Procrastes X

Notes from a Lazy Reconstructionist

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We now enter the darkest weeks of the solar year, a time of year that always seems to speak of Hekate. She is Dadophoros, the Torchbearer who lights the way; Propolos, the Companion who walks ahead with Her lights; and of course, Khthonia, She of the Underworld.

This is not the happiest time of year for me, contrary to forced cheerfulness of the mainstream Holiday Season (or maybe because of it!). Working in retail pretty much guarantees that. But more deeply, a change comes over my praxis and my perspective: Hermes’ presence recedes, along with a sense of ease and hot-bloodedness. What replaces it is best described as “back to black”: my interest in the occult is piqued (there is, after all, a long tradition of Hekate being a Goddess of witchcraft, stemming ultimately from classical Athens), nocturnal rites dominate, and my focus turns inward as the trees lose their green beauty.


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The Hymn to Hermes Kriophoros

Of all the cities that invoke your name first, Lord, Tanagra has long been among your favorites. There they call you Kriophoros, Ram-Bearer. This is why:

No one knew who affronted the Gods. Their anger was in the summer heat that hung low and heavy over the houses and the fields. It crept among the houses as the mountain lion creeps among the trees. Mothers woke to find their children screaming with fever. Farmers, their limbs shaking, left their crops scorching in the heat. And many of the old never rose again.

Fiercely the funeral pyres burned as the cicadas sawed in the trees. Fiercely the Tanagrans cried to the sky, their cheeks stung by tears.

And then you appeared, O Lord.

Terror follows epiphanies of the Gods. You beckoned the Tanagrans to rise from where they hid their faces in the dust. They brought forward a ram, biggest of the herds, saved for sacrifice. The proud animal...

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The Visible Gods: Dawn, the Sun and Multiple Meanings

I watched the sun rise over a bank of clouds on the horizon while on my way to work a couple days ago. Watching the sun rise and the world stir and awaken to its light is a spiritual experience in and of itself. The birds sing for joy and beneath their echoing songs you can almost hear the sighing of the earth itself, as if its breath were quickening in anticipation.

Seeing this titanic (pun!) entity rise in the sky makes one aware of the presences of other divine beings that inhabit and govern the world. These are the visible Gods, so huge, vast–right there in front of our eyes! They are present, as apparent as the sun in the sky. Dawn is a Goddess heralding the Sun’s approach. The Moon is a Goddess riding her white bull across the night sky. The stars are daimones. The mountain is a God. In the trees dwell nymphs. This is how the ancients perceived the world. They didn’t have to...

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The Kriophoria & Pastorialism

One line of departure I neglected to mention in my last post about Hermes Kriophoros is the image of the shepherd relating to months/seasons of the year. I should note first, however, that although every Hermes Kriophoros is a shepherd, not every shepherd is a Kriophoros. It seems we have Virgil to thank for connecting the pastoral tradition of poetry to the (highly idealized) landscape of Arkadia in his Eclogues. I think this is where some of the obfuscation takes place: so widespread were both the cult of Kriophoros and the poetic motif of the shepherd caring for this flock that some overlap is perhaps not far-fetched.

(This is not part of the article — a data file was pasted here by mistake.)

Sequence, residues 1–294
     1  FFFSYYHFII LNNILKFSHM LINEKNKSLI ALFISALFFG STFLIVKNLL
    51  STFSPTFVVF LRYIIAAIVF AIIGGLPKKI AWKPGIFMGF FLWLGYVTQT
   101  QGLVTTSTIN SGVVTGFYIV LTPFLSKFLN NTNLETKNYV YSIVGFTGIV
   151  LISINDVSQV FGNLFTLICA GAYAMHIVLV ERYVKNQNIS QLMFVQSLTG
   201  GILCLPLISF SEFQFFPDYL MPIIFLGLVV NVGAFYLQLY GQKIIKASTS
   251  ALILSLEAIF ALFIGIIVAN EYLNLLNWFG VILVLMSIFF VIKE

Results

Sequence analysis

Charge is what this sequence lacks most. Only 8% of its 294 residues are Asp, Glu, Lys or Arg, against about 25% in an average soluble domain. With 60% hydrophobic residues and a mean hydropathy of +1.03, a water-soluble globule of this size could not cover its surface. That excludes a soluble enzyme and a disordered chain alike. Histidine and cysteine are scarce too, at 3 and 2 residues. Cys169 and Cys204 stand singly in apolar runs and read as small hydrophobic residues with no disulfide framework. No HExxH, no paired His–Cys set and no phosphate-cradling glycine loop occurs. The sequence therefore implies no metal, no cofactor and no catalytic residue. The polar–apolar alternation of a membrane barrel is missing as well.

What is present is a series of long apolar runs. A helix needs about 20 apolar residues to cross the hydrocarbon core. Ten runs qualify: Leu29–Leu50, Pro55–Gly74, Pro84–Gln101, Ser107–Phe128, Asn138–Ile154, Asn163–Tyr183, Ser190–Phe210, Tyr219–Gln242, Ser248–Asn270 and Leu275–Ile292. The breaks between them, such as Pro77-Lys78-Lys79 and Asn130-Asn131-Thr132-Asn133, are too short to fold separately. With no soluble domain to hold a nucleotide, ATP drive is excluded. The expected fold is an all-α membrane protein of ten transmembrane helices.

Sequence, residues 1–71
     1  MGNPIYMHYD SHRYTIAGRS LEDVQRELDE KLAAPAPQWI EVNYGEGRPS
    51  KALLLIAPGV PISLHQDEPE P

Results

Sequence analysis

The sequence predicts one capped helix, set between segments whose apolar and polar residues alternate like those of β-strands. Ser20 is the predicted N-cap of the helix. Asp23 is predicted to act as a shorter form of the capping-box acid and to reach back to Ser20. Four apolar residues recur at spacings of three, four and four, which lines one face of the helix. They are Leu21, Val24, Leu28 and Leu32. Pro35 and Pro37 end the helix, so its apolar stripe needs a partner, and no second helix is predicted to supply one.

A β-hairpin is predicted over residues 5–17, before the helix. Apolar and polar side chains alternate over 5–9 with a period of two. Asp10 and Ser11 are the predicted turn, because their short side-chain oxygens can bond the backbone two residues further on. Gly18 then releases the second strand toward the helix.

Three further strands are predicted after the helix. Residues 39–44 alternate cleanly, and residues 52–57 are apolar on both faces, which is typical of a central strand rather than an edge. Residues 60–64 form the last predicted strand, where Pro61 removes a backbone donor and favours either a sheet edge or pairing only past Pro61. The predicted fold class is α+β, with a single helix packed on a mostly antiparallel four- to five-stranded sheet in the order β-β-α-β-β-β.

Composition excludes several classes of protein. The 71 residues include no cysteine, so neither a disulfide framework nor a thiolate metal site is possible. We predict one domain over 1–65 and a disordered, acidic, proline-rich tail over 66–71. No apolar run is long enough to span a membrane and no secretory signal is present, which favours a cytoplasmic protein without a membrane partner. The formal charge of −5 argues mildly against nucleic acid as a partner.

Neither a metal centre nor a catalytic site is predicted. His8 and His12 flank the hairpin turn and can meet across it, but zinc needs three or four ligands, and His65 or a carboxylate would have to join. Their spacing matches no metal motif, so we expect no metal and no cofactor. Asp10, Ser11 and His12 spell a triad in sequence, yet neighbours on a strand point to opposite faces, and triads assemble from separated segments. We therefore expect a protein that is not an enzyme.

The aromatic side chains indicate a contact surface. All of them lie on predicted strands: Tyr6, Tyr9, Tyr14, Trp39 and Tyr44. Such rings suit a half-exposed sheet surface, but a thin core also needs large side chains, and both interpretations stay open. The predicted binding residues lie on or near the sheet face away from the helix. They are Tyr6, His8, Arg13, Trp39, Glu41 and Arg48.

With this in mind, a further development of pastoral imagery is the shepherd with his flock as a calendrical motif representing March, April, May, or spring in general. Mosaics show this directly: on one from Thebes (c. 500 CE), a shepherd carries a lamb under the...

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Heads Up

sheep flock


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Hermes Kriophoros

Hermes is a rustic God, a truly rustic God. This is not a familiar image of Him. Those sides of His character that most often receive homage these days concern speed, communication, commerce—hardly surprising, considering all these areas accord well with modern life and its preoccupations. Yet I would argue that Hermes’ equally widespread image is that of a pastoral God, particularly evidenced by His epithet Kriophoros, “Ram-Bearer.” This is by no means the only evidence pertaining to His concern with herding and pastorialism. His other epithets Epimelios (“Keeper of the Flocks”), Nomios (“Herder”) and Oiopolos (“Shepherd”) also speak to this. In Hesiod, He and Hekate “swell the produce, and the driven herds of cattle, and the wide-ranging goat flocks, and the flocks of deep-fleeced sheep” (1). According to Homer, He bestows his favor upon beloved mortals by multiplying their herds (2)...

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About Me

I have been worshiping the Gods as a Hellenist for a full decade now. Like many others, I migrated to Hellenic polytheism (“Hellenismos” was the popular term then) from Wicca, which had been my accepted religion since 1998. That’s sixteen years as a Pagan of one stripe or another, and only now do I feel as though I’m getting a handle on the more-than-basic facets of Hellenism.

Within the past year, Hermes in His aspect of Kriophoros has become more and more prominent in my worship of the God. Hekate stands alongside Hermes in prominence. They are joined by Apollon and Agathos Daimon. (Not to mention all the divinities who are invoked for monthly observances, yearly festivals and specific needs!)

This blog honors those deities. It documents my praxis even as it continues to evolve with Their presences in my life.

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